Kdump - diagnostics and analysis of the causes of kernel failures

  • Tutorial

Although the kernel has a fairly high level of stability in modern Linux systems, the likelihood of serious system errors is nonetheless always present. When an unrecoverable error occurs, a state called kernel panic occurs: the standard handler displays information that should help in troubleshooting, and enters an endless loop.

To diagnose and analyze the causes of kernel failures, the developers of RedHat developed a specialized tool - kdump. The principle of its operation can be briefly described as follows. Two kernels are created: the main and the crash (it is used to collect the memory dump). When the main kernel is loaded, a certain memory size is allocated for the emergency kernel. With kexec, during a panic of the main kernel, the emergency is loaded and collects a dump.

In this article, we will talk in detail about how to configure kdump and analyze system errors using it. We will consider the features of working with kdump in Ubuntu OC; in other distributions, the configuration and configuration procedures for kdump are significantly different.

Install and configure kdump

Install kdump using the command
$ sudo apt-get install linux-crashdump kdump-tools

Kdump settings are stored in the configuration file / etc / default / kdump-tools

# kdump-tools configuration
# ------------------------------------------------- --------------------------
# USE_KDUMP - controls kdump will be configured
# 0 - kdump kernel will not be loaded
# 1 - kdump kernel will be loaded and kdump is configured
# KDUMP_SYSCTL - controls when a panic occurs, using the sysctl
# interface. The contents of this variable should be the
# "variable = value ..." portion of the 'sysctl -w' command.
# If not set, the default value "kernel.panic_on_oops = 1" will
# be used. Disable this feature by setting KDUMP_SYSCTL = ""
# Example - also panic on oom:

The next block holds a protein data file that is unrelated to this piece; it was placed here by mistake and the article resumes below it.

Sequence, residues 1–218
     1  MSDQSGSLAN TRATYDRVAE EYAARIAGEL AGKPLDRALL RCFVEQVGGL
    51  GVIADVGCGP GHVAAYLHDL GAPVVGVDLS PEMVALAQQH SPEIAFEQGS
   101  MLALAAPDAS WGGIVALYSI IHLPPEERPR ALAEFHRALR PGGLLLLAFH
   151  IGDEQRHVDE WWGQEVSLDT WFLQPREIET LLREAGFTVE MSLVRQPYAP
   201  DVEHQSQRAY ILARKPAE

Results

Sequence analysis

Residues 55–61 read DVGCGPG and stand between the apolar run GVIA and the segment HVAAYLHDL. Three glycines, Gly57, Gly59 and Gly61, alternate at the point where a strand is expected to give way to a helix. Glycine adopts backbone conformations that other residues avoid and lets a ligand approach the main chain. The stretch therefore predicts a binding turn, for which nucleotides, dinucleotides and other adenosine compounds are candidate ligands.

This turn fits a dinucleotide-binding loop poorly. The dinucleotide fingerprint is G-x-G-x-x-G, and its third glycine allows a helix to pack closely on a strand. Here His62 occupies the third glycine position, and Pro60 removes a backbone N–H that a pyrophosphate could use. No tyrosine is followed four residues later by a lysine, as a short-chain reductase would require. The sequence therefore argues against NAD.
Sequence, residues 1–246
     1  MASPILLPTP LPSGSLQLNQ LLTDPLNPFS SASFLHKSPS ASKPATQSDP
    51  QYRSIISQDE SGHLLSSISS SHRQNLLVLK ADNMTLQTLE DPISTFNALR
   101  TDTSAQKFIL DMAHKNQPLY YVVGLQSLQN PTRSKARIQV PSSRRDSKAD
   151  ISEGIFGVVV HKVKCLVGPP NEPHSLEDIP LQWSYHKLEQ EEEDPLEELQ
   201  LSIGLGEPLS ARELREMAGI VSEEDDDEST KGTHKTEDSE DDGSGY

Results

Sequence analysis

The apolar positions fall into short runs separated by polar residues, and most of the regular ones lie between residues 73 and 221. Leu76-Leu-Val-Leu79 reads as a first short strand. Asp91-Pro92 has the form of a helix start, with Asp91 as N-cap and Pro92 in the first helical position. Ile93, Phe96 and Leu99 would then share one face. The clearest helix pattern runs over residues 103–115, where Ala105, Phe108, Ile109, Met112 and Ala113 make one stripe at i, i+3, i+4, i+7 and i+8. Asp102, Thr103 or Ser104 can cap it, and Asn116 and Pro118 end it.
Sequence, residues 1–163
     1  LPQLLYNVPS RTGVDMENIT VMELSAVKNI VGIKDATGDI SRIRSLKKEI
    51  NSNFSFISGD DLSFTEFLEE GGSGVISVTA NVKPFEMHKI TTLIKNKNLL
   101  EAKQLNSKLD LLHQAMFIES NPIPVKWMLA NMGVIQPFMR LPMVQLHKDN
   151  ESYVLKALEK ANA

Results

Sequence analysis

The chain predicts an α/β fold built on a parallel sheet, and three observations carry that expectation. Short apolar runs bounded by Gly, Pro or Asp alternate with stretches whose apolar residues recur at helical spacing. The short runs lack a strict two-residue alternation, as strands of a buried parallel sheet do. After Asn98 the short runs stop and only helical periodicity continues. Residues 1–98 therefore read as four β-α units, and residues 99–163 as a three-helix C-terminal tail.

# KDUMP_SYSCTL = "kernel.panic_on_oops = 1 vm.panic_on_oom = 1"
# KDUMP_SYSCTL = "kernel.panic_on_oops = 1"

To activate kdump, edit this file and set the value of the parameter USE_KDUMP = 1.
Also in the configuration file contains the following parameters:
  • KDUMP_KERNEL - full path to the crash kernel;
  • KDUMP_INITRD - full path to the initrd of the crash kernel;
  • KDUMP_CORE - Indicates where the core dump file will be saved. By default, the dump is saved in the / var / crash directory (KDUMP_CORE = / var / crash);
  • KDUMP_FAIL_CMD - indicates what action should be taken in case of an error while saving the dump (by default the reboot -f command will be executed);
  • DEBUG_KERNEL - debug version of a working kernel. By default, / usr / lib / debug / vmlinux- $ is used. If this parameter is not set, the makedumpfile utility will only dump all pages of memory;
  • MAKEDUMP_ARGS - Contains additional arguments passed to the makedumpfile utility. By default, this parameter has a value of '-c -d 31', indicating that compression should be used and only core pages used in the dump should be included.

Having set all the necessary parameters, run the update-grub command and select install the package maintainer's version.

Then reboot the system and make sure kdump is ready to go:
$ cat / proc / cmdline